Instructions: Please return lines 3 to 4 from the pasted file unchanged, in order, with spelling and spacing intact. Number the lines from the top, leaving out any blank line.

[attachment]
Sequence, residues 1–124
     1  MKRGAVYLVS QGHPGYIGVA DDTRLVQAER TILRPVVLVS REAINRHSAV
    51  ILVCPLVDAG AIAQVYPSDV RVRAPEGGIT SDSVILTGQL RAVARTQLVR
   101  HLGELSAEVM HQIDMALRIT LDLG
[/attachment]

    51  ILVCPLVDAG AIAQVYPSDV RVRAPEGGIT SDSVILTGQL RAVARTQLVR
   101  HLGELSAEVM HQIDMALRIT LDLG